I always refrigerate all of my cakes regardless of whether they have fondant or not, the health department likes it that way. I also find that they're easier to transport if they're cold. And as far as non-perishable fillings go, no, you wouldn't HAVE to refrigerate something that was a non-perishable filling, but the fillings that are perishable tend to taste better to me, so I use those the most. And I kind of consider myself an expert, if I do say so myself. icon_biggrin.gif

Eisskween Posted 3 May 2010 , 8:27pm

I agree with Costumeczar and Larkin, cakes with scratch fillings and real buttercream do need to be refrigerated, fondant or not, simply to reduce the chance of spoilage.

However, if you always use jams, sleeve fillings and crisco-cream, then no, you can keep it out. icon_biggrin.gif

costumeczar Posted 3 May 2010 , 8:31pm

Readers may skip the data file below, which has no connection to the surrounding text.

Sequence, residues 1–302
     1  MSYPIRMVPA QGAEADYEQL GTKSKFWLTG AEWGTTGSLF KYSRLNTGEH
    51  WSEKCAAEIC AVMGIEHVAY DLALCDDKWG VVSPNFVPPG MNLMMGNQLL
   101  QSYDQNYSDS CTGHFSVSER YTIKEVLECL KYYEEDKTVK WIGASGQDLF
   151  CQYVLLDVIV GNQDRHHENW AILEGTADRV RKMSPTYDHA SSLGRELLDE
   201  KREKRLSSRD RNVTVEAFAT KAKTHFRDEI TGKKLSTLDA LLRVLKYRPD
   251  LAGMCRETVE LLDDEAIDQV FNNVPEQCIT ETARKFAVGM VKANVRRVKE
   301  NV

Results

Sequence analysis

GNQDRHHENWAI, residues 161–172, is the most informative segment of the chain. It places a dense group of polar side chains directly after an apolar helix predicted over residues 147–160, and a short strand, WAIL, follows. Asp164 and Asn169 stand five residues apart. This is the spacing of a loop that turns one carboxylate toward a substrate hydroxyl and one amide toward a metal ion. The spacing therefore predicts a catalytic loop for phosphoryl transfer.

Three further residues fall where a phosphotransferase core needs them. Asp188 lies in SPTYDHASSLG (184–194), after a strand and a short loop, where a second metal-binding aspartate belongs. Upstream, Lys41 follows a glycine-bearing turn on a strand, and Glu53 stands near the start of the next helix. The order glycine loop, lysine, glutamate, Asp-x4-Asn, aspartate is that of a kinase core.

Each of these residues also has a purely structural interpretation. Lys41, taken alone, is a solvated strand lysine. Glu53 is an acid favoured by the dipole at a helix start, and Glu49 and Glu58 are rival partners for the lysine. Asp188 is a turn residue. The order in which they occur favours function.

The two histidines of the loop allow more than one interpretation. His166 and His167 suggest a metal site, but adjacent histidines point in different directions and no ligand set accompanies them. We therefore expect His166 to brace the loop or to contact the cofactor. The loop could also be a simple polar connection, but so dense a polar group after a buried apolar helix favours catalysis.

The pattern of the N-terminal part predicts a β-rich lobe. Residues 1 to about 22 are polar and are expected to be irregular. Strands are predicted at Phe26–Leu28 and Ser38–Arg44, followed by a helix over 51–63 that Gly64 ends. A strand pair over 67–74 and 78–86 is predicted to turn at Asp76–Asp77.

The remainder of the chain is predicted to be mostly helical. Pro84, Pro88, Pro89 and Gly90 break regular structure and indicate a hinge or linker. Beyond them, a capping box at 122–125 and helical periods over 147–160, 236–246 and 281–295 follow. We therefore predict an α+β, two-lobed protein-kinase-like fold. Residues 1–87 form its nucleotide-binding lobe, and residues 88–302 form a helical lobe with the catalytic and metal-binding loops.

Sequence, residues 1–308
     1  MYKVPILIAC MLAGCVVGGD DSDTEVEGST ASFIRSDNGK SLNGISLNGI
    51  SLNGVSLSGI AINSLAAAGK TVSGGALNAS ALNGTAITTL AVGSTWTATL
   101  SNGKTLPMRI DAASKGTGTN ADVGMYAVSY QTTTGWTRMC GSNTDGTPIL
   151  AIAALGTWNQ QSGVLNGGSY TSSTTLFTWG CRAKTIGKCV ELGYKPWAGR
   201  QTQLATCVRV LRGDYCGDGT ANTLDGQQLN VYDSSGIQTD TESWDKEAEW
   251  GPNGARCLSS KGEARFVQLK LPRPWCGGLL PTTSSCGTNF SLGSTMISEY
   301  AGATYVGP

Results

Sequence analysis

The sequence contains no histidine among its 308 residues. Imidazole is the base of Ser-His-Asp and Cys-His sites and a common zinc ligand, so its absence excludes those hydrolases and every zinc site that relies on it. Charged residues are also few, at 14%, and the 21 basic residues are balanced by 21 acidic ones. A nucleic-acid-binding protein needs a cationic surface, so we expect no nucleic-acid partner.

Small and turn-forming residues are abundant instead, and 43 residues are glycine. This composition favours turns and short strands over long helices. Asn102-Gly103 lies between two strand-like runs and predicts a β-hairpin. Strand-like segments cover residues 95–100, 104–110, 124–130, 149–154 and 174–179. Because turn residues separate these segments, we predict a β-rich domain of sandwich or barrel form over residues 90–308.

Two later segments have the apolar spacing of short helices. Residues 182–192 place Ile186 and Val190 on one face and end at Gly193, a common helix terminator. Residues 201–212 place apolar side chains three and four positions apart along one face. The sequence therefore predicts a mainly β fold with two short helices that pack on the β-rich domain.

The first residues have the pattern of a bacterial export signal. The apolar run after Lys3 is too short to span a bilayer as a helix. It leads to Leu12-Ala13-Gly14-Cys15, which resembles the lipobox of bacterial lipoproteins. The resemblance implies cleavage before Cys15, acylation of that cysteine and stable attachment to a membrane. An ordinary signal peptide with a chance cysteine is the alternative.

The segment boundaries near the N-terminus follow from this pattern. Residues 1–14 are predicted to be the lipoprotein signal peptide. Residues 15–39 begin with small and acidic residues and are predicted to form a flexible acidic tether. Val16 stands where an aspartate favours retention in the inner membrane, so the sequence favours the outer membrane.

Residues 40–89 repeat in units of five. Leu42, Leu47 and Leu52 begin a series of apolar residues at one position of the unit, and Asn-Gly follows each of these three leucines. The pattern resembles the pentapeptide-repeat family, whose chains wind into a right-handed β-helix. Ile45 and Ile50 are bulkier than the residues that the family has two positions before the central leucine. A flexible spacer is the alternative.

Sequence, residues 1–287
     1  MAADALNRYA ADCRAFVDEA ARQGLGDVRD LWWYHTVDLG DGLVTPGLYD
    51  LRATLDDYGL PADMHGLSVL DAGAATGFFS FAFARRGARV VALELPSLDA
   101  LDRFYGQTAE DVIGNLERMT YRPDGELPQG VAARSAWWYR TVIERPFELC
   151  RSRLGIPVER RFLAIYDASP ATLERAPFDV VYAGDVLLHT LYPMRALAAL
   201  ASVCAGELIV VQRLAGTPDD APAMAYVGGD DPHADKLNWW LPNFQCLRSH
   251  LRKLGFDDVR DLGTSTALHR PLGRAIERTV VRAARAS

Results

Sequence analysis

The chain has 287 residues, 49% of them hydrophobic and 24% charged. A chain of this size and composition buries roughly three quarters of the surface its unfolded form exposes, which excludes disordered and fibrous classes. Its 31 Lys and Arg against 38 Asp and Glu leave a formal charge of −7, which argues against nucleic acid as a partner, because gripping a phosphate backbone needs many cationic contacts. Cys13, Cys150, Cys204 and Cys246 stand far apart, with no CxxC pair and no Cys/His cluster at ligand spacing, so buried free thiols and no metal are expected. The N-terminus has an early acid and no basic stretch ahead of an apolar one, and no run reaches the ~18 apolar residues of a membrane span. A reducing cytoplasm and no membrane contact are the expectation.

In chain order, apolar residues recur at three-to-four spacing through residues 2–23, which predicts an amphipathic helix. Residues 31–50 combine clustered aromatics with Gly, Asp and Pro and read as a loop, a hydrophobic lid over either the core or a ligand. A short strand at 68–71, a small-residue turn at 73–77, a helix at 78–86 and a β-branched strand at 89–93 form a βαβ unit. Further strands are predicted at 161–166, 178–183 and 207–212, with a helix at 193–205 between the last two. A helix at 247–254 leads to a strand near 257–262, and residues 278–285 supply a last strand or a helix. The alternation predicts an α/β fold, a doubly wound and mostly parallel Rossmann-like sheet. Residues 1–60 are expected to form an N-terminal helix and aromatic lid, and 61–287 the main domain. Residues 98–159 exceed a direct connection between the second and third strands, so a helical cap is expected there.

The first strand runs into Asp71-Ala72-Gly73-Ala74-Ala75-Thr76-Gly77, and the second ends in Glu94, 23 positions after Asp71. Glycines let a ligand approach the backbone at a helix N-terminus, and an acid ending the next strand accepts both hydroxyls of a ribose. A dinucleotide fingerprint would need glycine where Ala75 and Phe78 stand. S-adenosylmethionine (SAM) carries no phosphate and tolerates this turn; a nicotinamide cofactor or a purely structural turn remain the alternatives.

Quote:
Originally Posted by Eisskween

I agree with Costumeczar and Larkin, cakes with scratch fillings and real buttercream do need to be refrigerated, fondant or not, simply to reduce the chance of spoilage.

However, if you always use jams, sleeve fillings and crisco-cream, then no, you can keep it out. icon_biggrin.gif




Crisco-cream...huh huh huh...Shouldn't it be crisco-creme, though? Is there any real cream in it? Gross! icon_razz.gif

rainbow_kisses Posted 3 May 2010 , 8:40pm

Chilling in the fridge is cool for a fondant covered cake.
Just because one person says don't do it does not mean that you can not and should not do it, it means they don't feel the need to do it icon_cool.gif

Eisskween Posted 3 May 2010 , 8:48pm
Quote:
Originally Posted by costumeczar

Quote:
Originally Posted by Eisskween

I agree with Costumeczar and Larkin, cakes with scratch fillings and real buttercream do need to be refrigerated, fondant or not, simply to reduce the chance of spoilage.

However, if you always use jams, sleeve fillings and crisco-cream, then no, you can keep it out. icon_biggrin.gif